Donald Trump demanded James Comey's loyalty and didn't get it: report

Sources close to the deposed FBI Director say that Trump demanded his loyalty shortly after becoming president

By Matthew Rozsa

Published May 12, 2017 11:40AM (EDT)

James Comey; Donald Trump   (AP/Jose Luis Magana/Getty/Don Emmert/Salon)
James Comey; Donald Trump (AP/Jose Luis Magana/Getty/Don Emmert/Salon)

There have long been reports indicating that President Donald Trump fired FBI Director James Comey because the latter would not sufficiently assure the former of his loyalty. But a recent report suggests that America truly is in the grip of an unprecedented constitutional crisis over who is in charge of watching the leader of the free world.

One week after Trump was sworn is as the 45th president of the United States, he met with Comey at a private dinner and asked the FBI director to pledge his loyalty, according to a report by The New York Times. When Comey refused to do so — Comey instead merely promised Trump that he would always be honest with him — Trump waited until later in the dinner and then repeated his request. Comey again declined, reiterating that he would only promise his honesty but not his loyalty.

Eventually Trump asked Comey for "honest loyalty," and Comey replied that he would give that to Trump.

According to the sources close to Comey, the FBI director told them about this conversation on the grounds that they not discuss it publicly while he served as FBI director. Now that he has been fired, they are coming forward — albeit anonymously.

The Trump White House, not surprisingly, is denying that this happened. "We don’t believe this to be an accurate account," deputy press secretary Sarah Huckabee Sanders told The Times. "The integrity of our law enforcement agencies and their leadership is of the utmost importance to President Trump. He would never even suggest the expectation of personal loyalty, only loyalty to our country and its great people."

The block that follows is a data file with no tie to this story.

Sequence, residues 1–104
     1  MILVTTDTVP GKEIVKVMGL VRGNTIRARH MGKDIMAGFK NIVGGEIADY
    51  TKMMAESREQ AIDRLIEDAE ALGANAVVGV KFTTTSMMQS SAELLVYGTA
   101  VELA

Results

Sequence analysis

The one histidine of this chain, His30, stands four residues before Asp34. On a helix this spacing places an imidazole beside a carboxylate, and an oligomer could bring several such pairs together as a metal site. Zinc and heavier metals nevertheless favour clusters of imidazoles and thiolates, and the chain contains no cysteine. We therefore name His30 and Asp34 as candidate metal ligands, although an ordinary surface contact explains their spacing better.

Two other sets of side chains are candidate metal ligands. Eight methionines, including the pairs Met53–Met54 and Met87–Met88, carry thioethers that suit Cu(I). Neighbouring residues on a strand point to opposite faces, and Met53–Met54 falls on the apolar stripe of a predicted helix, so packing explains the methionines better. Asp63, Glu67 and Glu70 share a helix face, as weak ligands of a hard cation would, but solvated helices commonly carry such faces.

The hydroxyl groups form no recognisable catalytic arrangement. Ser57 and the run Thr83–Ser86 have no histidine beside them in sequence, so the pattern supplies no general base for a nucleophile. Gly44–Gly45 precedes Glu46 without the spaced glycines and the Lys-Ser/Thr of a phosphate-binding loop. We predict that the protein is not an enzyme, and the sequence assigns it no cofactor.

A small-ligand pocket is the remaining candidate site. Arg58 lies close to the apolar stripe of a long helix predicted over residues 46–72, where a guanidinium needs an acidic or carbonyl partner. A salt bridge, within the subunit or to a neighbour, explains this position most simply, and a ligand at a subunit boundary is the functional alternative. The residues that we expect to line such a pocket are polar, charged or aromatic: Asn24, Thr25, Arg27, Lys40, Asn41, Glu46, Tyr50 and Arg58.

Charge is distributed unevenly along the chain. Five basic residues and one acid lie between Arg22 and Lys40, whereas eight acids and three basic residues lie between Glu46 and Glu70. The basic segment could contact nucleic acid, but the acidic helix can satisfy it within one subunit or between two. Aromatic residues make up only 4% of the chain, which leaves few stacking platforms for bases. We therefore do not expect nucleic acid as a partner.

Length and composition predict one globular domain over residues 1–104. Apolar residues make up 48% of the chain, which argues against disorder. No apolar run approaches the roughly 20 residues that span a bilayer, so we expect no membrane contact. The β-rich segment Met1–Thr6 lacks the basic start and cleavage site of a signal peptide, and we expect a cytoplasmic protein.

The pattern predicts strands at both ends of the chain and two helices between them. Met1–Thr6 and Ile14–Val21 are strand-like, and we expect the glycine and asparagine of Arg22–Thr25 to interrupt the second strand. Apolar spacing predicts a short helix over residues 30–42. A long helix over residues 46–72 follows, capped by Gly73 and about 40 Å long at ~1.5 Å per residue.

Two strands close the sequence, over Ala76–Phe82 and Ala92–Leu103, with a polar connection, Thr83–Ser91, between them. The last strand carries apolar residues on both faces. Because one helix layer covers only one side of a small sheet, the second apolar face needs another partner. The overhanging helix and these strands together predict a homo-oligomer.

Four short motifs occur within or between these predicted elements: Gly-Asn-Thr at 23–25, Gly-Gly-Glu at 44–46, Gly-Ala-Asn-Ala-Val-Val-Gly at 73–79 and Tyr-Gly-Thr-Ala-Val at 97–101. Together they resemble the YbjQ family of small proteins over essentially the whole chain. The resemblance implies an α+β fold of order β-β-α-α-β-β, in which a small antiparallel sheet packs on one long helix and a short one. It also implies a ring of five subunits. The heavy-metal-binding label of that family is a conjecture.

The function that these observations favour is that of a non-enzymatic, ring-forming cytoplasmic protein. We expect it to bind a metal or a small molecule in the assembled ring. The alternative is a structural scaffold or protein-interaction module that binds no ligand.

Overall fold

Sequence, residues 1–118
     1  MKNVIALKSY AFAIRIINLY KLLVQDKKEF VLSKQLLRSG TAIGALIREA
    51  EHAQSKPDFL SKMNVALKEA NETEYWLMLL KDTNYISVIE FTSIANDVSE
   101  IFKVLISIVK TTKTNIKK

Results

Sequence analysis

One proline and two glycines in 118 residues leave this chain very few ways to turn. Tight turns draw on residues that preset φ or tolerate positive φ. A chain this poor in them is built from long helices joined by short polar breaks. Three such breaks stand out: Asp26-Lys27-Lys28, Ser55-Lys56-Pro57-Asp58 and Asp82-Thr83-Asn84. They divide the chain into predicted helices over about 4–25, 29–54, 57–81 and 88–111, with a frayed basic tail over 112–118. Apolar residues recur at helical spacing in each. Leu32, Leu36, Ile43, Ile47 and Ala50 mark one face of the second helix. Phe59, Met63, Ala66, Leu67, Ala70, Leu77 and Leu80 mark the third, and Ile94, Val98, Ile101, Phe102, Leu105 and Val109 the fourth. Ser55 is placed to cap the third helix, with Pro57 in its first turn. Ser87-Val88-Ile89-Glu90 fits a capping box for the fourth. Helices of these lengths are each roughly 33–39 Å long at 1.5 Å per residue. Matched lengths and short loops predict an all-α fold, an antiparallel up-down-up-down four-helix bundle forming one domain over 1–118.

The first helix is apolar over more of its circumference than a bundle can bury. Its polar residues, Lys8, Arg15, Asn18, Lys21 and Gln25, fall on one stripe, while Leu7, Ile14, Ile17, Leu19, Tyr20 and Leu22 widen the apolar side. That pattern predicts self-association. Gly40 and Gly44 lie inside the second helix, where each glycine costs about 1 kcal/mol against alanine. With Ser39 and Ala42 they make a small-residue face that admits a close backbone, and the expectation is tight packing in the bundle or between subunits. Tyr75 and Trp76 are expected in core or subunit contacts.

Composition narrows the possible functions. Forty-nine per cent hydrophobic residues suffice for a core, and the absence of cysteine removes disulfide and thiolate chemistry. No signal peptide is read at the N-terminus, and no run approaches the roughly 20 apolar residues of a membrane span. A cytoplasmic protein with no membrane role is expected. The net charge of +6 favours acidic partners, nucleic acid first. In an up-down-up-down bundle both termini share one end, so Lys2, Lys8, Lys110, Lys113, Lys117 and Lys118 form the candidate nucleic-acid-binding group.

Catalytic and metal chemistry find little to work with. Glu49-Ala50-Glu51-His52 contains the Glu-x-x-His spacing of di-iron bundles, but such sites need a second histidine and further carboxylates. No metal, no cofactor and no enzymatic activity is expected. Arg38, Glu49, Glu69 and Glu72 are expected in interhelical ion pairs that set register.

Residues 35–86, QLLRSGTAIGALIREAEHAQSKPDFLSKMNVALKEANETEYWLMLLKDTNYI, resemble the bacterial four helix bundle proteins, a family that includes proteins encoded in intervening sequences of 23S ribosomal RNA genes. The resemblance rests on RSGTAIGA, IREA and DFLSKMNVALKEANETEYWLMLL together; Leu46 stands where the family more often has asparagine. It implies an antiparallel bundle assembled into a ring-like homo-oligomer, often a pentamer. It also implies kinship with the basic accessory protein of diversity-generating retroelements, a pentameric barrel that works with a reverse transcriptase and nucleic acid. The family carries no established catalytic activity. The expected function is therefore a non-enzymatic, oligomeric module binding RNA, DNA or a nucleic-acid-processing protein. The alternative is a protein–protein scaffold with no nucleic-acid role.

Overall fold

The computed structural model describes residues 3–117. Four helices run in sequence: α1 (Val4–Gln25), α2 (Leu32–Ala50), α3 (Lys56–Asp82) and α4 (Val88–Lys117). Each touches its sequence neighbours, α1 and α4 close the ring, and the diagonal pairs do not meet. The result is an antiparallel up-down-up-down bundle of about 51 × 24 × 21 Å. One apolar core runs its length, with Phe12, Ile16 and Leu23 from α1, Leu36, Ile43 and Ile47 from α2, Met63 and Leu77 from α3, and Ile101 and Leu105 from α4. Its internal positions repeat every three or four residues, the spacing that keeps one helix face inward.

Trump has claimed that Comey asked to meet with him so that he could keep his job, and that during the conversation he reassured the president that he was not under investigation. This account is disputed by multiple FBI sources, according to NBC News.

Regardless of which story you choose to believe, one thing is clear: The FBI is not supposed to be loyal to any one man, but to the Constitution of the United States. If Comey did indeed refuse to pledge loyalty to Trump, he was correct for doing so; if Trump did indeed fire Comey because he was insufficiently loyal, he violated the spirit of the Constitution by doing so.



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Matthew Rozsa

Matthew Rozsa is a staff writer for Salon. He holds an MA in History from Rutgers University-Newark and is ABD in his PhD program in History at Lehigh University. His work has appeared in Mic, Quartz and MSNBC.

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